Japan Fan

What is happening in Japan is beyond sad and yet if any country has the power to rise from the sea of devastation, it is them.

Japan has three of the best attributes as a nation. Wealth, technology and motivation according to New York Times columnist for Dot Earth, Andrew Revkin. Many countries have one or two of these attributes but what most are missing is the vital one that Japan has so much of – Motivation.

After the 1923 earthquake in Japan, which killed more than 145,000 people, the country learned form the tragedy and invested in buildings, in science and in rebuilding Tokyo into a world class city.

I cannot think of another nation more equipped to deal with the tragedy unfolding before the world. I see the different attributes coming forth in cultures when devastation hits. Australians show almost ignorant bravery in floods and fires. I was stunned when I listened to audio footage of trapped New Zealanders in the Christchurch earthquake recently. Their politeness and patience when waiting to be rescued was not something I would have heard in other countries.

At the other end of the spectrum is the acceptance of the Haitian people of the dire situation after the earthquake that hit their country recently. It is somewhat indicative of the world’s acceptance of third world living situations that has meant that help has been less for them than any other country. Haiti seems so far away and so foreign to so many. It is sad that the people of Haiti don’t ask for more and sadder still that we don’t offer more.

I think back to Hurricane Katrina and the issues that arose from that for the United States. the blame and the drama. The tragedy and the lack of motivation from people in power who should have known better. The United States had the wealth and the technology but not the motivation to help some of the worst affected and poorest people in America.

Perhaps this is the ultimate issue. Motivation is everything as a person and for a country. The collective will get more done. Japan has proven this over and over as a nation. the desire to self imporve as individuals, to always be at their best, look their best and do better is what I admire.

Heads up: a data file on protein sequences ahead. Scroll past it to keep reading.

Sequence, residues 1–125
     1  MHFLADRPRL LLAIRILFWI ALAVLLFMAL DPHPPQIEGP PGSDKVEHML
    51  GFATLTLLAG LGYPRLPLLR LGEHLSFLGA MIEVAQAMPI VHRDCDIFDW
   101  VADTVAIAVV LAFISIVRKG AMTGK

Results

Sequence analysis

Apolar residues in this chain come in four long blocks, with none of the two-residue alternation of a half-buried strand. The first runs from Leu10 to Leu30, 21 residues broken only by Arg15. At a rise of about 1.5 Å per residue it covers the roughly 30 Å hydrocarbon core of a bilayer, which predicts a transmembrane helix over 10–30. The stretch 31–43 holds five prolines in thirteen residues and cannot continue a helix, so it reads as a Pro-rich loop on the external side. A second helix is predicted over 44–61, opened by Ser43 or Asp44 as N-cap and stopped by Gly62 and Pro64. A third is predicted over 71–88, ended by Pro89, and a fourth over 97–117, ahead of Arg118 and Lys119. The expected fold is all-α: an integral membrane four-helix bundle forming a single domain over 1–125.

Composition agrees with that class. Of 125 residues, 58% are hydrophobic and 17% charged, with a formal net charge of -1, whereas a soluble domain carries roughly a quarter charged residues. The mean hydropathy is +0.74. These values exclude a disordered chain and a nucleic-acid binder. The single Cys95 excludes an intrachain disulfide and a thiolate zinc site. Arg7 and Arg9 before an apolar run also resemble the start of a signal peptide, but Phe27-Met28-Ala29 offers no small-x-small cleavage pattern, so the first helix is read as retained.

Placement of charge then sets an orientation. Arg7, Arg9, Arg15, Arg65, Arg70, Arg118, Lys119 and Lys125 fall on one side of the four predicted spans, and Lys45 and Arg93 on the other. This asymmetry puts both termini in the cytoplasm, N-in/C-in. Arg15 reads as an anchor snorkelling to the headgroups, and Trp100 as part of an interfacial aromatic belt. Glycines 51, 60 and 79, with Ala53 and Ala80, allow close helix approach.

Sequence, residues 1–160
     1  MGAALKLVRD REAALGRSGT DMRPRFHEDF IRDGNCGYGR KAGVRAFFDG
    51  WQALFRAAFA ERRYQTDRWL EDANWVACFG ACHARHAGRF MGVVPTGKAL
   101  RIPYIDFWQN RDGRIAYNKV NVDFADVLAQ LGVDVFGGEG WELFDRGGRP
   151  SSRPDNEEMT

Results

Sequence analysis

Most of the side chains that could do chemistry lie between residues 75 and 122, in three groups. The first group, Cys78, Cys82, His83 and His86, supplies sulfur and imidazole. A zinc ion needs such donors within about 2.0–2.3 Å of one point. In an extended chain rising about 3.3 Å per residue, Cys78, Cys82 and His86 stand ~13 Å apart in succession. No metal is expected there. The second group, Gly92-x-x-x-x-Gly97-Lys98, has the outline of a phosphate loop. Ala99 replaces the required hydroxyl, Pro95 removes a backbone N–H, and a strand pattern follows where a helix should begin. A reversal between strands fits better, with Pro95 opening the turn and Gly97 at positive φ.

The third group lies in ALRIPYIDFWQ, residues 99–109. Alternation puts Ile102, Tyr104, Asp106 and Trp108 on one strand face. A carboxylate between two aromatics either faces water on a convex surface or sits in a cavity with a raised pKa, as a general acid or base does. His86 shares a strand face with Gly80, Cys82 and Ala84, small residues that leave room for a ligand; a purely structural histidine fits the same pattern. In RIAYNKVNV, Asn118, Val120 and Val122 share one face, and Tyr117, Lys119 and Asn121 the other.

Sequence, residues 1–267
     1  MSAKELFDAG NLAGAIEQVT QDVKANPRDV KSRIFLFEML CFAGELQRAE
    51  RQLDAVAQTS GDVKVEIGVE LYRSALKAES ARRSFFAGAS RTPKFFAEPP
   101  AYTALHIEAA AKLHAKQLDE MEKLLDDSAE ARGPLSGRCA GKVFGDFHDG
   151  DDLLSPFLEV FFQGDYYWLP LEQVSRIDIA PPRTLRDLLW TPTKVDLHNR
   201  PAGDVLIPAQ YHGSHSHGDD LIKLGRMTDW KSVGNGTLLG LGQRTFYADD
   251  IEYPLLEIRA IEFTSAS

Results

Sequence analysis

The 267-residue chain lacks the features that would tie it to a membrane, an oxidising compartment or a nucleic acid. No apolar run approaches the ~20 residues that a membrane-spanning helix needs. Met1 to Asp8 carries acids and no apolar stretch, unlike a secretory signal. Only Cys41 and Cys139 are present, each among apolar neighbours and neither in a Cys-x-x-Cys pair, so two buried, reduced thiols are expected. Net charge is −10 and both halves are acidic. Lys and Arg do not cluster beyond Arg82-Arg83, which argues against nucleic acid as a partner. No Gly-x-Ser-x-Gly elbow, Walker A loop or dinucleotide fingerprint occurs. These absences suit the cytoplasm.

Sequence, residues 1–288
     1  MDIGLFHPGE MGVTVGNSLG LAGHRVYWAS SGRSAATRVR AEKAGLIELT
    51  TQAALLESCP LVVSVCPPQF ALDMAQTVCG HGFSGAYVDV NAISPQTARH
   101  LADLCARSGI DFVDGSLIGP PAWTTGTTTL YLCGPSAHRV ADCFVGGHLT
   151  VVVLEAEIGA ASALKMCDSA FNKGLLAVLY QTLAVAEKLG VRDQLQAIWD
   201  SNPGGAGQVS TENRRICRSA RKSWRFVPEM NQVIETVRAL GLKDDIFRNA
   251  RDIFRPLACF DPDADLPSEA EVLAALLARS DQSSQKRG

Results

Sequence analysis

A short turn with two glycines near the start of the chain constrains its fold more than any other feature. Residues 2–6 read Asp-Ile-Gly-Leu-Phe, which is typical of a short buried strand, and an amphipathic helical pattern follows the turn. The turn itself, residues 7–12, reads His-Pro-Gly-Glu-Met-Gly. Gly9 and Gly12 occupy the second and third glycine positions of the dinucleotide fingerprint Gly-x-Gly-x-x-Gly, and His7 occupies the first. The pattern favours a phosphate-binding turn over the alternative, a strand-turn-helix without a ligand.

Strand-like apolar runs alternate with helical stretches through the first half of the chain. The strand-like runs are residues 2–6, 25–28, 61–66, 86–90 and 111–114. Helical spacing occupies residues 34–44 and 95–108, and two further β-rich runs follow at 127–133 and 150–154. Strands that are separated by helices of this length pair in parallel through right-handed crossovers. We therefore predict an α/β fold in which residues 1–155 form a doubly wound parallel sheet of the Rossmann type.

So while Japan reasseses, deals with the trauma and the shock, do what you can form here. Prayers are fine but money is better. Give up the extra coffee for a week put down the read handbag, you already have one and give the money to a cause that is already on the ground.

And throw some coin in for Haiti while you donate.

Peace.

Save The Children: Mobilising to provide immediate humanitarian relief in the shape of emergency health care and provision of non-food items and shelter. Call 1800 76 00 11 or visit http://www.savethechildren.org.au

Red Cross: Donors can contribute to the relief efforts by calling 800-733-27677 or visiting http://www.redcross.org. Each text message is a $10 donation to the Red Cross, which will be added to the donors’ next cellphone bill.

Mercy Corps: Mercy Corp has not sent its own team to Japan but it set up a donation fund for its partner, Peace Winds Japan, and its emergency assistance on the ground. To make a donation, call 888-747-7440 or visit http://www.mercycorps.org/donate/japan.

Medical Teams International: Medical Teams International is also on alert and staying closely in touch with its nine partners along the coast and in Japan. To donate to Medical Teams International, visit http://www.medicalteams.org.

World Vision Canada: World Vision is among the first organisations to begin relief work by distributing emergency supplies and sending highly-trained staff to assess and respond to the most urgent needs. To donate, visit http://www.worldvision.ca/give-a-gift/Pages/Pacific-Tsunami.aspx

Medecins Sans Frontiers: Médecins Sans Frontières (MSF) is an international humanitarian aid organisation that provides emergency medical assistance to populations in danger in more than 60 countries. MSF workers are already on ground in Japan, assessing the situation. For more visit http://www.msf.org/msf/donations/donations_home.cfm

DFAT: Assistance helpline: +61 2 6261 3305. DFAT hotline for Australians concerned about family and friends: 1300 555 135. Visit http://www.dfat.gov.au/

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